Dir. Christopher Nolan, US, 2005, 141 mins
Cast: Christian Bale, Michael Caine, Morgan Freeman, Katie Holmes, Ken Watanabe, Cillian Murphy, Liam Neeson, Rutger Hauer, Tom Wilkinson & Gary Oldman
In 1989, Tim Burton’s gothic and surreal Batman captured the public imagination and went on to become the biggest film of that year. Its success became the benchmark for all future comic adaptations. Each successive Batman sequel grew more and more indulgent, focusing on the misguided philosophy that comic book equals nonsensical camp. Batman and its sequels: Batman Returns, Batman Forever and the ill fated Batman & Robin, bore little to no resemblance to the Dark Knight of the contemporary comics and graphic novels. Laden with camp theatrics, ridiculously over-choreographed fight scenes and some seriously wooden performances, the films descended into self parody, which sealed the series fate by the time Batman & Robin’s end credits rolled.
In the period since then, many different visions of Batman have been mooted as possible franchise re-starters. Filmmaker Darren Aronofsky (Pi, Requiem for a Dream) worked on a first draft screenplay of Year One, co-written with Sin City helmer Frank Miller (based on his graphic novel). Year One completely re-invented Batman, having Bruce Wayne as a homeless man instead of billionaire playboy and re-making Alfred, Wayne’s butler, as a black mechanic named ‘Big Al’.
Another proposed project was Wolfgang (Das Boot) Petersen’s Batman vs. Superman which would’ve revived two Warner Bros. franchises at once, with Jude Law proposed as the Man of Steel and Colin Farrell as the eponymous Dark Knight.
As fate would have it, Memento writer/director, the London-born Christopher Nolan, had just finished his re-working of Erik Skjoldbjærg’s Insomnia with Al Pacino. Having proven himself as a storyteller of consummate intelligence and of being more than capable of helming a major studio film, Nolan was a solid choice to helm Warner Bros. favoured screenplay Batman Begins. An entirely new effort by screenwriter David S. Goyer, it is certainly not as extreme a ‘restart’ as Year One promised to be nevertheless it is no doubt hoped it will reintroduce the world to a darker, more visceral winged avenger and reinvigorate the franchise accordingly.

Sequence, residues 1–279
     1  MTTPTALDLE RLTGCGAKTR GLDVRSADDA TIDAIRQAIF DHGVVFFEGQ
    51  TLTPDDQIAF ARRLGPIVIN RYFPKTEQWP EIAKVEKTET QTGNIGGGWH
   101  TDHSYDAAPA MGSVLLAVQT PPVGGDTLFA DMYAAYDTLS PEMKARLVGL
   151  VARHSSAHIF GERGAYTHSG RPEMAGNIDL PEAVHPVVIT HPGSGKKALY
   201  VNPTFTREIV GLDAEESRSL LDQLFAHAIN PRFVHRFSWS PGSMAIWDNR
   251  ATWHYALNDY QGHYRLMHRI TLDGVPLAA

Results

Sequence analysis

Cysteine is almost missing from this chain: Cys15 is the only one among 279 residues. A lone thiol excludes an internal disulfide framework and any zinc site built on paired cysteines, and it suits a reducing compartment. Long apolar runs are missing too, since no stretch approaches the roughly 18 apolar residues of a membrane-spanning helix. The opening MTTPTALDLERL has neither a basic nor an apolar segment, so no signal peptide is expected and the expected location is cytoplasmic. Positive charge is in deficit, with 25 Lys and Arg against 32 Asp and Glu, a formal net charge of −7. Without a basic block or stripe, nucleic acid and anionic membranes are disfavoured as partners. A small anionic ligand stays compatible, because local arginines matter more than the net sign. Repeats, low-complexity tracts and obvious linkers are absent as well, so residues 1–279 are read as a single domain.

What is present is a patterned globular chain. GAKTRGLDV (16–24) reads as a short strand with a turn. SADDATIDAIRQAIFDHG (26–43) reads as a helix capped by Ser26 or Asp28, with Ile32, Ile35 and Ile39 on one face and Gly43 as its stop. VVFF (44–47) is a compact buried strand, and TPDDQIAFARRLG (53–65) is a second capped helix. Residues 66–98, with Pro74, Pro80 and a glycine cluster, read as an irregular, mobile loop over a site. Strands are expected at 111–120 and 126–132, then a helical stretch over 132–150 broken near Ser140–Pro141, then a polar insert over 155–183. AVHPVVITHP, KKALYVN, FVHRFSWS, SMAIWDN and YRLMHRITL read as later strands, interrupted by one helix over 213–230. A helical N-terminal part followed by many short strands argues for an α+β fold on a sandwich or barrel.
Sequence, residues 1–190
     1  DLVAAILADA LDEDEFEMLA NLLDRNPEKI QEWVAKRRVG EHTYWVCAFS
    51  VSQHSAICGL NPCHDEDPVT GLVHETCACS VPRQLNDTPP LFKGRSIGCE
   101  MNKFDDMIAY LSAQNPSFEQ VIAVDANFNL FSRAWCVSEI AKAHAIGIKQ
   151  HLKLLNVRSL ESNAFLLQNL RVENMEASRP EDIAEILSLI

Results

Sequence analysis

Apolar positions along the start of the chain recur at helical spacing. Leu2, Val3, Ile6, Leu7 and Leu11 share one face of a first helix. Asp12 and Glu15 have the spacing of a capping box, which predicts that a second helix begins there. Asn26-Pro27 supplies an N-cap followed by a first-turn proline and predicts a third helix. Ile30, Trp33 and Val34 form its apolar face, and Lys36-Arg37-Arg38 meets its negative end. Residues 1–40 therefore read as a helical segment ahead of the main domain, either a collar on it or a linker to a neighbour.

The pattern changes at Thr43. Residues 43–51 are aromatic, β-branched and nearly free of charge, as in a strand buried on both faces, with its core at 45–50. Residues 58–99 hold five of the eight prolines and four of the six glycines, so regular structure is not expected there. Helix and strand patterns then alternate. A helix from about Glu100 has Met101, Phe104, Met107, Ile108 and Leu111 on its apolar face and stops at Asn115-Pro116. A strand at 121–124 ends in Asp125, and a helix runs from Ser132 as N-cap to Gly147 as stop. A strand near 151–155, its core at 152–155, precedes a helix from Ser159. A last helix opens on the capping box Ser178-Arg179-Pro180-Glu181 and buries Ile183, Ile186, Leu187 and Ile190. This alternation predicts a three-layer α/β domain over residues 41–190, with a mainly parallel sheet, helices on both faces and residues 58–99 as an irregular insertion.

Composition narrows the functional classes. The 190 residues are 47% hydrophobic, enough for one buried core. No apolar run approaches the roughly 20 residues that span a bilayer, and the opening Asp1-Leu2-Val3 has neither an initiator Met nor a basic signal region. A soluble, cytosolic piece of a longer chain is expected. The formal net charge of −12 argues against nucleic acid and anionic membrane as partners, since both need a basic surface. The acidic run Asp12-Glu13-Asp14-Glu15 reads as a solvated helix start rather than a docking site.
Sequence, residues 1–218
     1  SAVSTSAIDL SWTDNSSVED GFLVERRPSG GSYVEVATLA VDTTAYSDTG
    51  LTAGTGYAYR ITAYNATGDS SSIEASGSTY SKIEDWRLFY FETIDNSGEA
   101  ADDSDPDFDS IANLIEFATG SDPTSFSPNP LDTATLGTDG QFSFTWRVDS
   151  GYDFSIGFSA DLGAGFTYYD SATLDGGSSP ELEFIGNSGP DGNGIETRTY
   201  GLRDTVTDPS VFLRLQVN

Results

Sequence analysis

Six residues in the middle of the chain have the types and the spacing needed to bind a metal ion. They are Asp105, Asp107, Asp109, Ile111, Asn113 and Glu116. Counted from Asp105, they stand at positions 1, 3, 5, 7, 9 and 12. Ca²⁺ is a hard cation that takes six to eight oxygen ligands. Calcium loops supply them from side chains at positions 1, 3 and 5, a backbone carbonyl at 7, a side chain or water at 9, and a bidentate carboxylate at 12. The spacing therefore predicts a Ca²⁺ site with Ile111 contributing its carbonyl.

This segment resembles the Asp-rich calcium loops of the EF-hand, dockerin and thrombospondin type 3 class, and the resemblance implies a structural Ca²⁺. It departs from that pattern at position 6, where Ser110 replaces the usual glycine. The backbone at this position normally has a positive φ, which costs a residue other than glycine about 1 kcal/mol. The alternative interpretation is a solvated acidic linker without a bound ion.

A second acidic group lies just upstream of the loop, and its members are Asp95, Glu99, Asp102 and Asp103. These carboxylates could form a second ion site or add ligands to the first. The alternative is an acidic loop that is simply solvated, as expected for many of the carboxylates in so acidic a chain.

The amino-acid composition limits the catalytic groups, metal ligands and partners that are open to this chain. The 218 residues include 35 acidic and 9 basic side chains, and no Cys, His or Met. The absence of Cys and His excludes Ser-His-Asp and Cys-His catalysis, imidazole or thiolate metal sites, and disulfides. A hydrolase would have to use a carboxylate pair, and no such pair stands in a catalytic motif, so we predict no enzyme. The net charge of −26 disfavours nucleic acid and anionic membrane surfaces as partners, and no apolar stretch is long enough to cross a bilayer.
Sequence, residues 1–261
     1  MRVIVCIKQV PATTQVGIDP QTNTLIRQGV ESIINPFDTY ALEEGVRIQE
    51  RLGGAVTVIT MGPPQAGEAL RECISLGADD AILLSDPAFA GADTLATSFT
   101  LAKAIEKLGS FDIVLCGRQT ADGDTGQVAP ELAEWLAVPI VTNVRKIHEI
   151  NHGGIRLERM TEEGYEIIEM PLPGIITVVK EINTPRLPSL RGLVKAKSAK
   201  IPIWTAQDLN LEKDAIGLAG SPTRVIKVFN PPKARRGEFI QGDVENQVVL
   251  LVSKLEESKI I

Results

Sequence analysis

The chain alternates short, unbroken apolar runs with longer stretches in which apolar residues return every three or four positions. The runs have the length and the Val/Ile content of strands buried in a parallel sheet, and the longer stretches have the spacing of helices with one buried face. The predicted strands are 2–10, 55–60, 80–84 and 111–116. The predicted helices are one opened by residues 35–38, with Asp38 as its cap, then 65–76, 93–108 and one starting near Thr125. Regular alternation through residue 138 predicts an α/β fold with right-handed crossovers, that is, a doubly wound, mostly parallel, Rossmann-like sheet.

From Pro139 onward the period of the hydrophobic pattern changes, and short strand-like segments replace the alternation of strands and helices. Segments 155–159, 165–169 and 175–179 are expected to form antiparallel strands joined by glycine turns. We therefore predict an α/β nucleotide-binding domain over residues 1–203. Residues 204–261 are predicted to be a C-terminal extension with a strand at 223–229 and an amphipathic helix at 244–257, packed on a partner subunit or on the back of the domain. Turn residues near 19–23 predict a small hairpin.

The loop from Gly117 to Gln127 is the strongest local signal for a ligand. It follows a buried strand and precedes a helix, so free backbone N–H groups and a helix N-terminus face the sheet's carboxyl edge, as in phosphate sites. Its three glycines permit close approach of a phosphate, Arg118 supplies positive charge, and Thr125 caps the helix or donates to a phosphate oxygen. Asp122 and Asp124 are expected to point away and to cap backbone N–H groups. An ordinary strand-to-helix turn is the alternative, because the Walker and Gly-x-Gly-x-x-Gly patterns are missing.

In order to accomplish this, Nolan and Goyer have taken Batman back to his genesis.
Nolan, who admits to knowing very little about comic book lore, worked on Goyer’s first draft screenplay once the screenwriter left to helm his directorial debut Blade: Trinity. Nolan’s lack of comic knowledge appears to have been a major advantage.
With Batman Begins, the pair has stripped back the surrealism, the camp and the cartoon characterisations. This Batman is believable, human and as such, riddled with fear and anger. As a theme, fear runs through this film like a black vein: fear drives Wayne and holds him prisoner, fear is used as a weapon by several different characters (including Batman) and only in facing his fear does Bruce Wayne hope to find an end to his torment.
The story opens with Bruce Wayne (Bale) held prisoner in a Bhutanese prison, fighting with inmates and fighting with himself. He’s a wanderer, cut adrift from the world when he could find no way to deal with the murder of his parents when he was a child. Wayne has travelled to the ends of the earth to search for a way to resolve the conflict within him. A mysterious stranger named Henri Ducard (Neeson) appears at the prison, offering help and guidance to Wayne and the means to fight the injustice that he sees in the world. Ducard arranges Wayne’s release.